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Claims(20)
1. A method for forming a semiconductor (SC) device embodying a strained semiconductor, comprising:
providing a substrate;
forming over the substrate a relaxed semiconductor region having an outer surface and a trench therein extending from the outer surface to the substrate;
filling the trench with a strained semiconductor material;
providing device regions proximate the outer surface and the trench adapted to direct device current through the strained semiconductor material in the trench to the substrate.
2. The method of claim 1, further comprising:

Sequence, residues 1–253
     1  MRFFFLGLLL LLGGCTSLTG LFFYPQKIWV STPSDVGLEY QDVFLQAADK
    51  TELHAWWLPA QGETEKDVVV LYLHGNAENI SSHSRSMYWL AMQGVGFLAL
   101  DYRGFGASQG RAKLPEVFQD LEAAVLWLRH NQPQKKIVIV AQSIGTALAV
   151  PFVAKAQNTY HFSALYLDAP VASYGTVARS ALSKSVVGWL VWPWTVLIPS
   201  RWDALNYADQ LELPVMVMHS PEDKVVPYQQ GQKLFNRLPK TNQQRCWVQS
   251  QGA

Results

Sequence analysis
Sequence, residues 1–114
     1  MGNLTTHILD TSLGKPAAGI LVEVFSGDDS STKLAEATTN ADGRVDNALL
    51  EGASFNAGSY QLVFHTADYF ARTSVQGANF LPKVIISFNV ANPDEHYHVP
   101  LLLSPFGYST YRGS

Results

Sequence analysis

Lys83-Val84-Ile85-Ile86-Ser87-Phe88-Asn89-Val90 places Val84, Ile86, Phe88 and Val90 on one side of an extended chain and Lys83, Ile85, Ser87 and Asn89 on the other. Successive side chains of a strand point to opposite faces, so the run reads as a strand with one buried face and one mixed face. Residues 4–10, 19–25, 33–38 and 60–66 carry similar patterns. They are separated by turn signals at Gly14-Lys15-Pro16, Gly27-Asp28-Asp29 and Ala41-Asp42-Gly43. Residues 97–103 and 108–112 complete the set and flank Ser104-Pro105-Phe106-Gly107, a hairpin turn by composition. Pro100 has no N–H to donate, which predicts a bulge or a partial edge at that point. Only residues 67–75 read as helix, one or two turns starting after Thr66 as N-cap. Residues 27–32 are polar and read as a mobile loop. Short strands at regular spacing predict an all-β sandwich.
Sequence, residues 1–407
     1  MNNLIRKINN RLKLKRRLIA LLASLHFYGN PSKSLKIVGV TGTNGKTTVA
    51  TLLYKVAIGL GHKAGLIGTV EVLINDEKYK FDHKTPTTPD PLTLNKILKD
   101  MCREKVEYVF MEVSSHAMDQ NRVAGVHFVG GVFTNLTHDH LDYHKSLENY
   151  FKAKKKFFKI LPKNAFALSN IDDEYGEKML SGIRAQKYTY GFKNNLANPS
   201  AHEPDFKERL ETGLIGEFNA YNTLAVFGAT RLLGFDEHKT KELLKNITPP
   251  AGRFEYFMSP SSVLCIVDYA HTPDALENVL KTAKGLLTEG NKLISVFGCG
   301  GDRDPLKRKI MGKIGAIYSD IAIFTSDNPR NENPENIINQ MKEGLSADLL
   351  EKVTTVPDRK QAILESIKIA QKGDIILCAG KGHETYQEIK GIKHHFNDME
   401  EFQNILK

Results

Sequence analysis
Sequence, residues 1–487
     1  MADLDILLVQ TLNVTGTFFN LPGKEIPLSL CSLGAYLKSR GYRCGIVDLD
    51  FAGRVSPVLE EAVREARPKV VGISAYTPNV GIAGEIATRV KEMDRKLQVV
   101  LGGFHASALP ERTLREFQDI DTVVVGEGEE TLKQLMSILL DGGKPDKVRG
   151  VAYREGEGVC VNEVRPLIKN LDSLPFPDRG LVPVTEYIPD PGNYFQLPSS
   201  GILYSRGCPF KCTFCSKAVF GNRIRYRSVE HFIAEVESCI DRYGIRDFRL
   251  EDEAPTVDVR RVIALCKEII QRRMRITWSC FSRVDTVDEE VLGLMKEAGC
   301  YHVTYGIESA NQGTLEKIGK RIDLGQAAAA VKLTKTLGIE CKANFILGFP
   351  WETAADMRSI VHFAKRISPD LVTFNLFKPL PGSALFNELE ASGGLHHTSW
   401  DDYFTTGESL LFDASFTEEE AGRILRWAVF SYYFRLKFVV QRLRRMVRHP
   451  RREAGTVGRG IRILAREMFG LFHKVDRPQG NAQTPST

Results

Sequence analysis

prior to the forming step, providing a transition layer adapted to lie between an upper surface of the substrate and the relaxed semiconductor region and having a first lattice spacing adjacent the upper surface of the substrate and a second different lattice spacing adjacent the relaxed semiconductor region.
3. The method of claim 2, wherein the first lattice spacing substantially matches the lattice spacing of the upper surface of the substrate and the second lattice spacing substantially matches the lattice spacing of the relaxed semiconductor region.
4. The method of claim 1 wherein the relaxed semiconductor region comprises SiGe and the strained semiconductor material is substantially silicon.
5. The method of claim 4, wherein the substrate is single crystal silicon and the relaxed semiconductor region comprises SiGe in a ratio in the range of about 90:10 to 60:40 Si:Ge.
6. The method of claim 5, further comprising: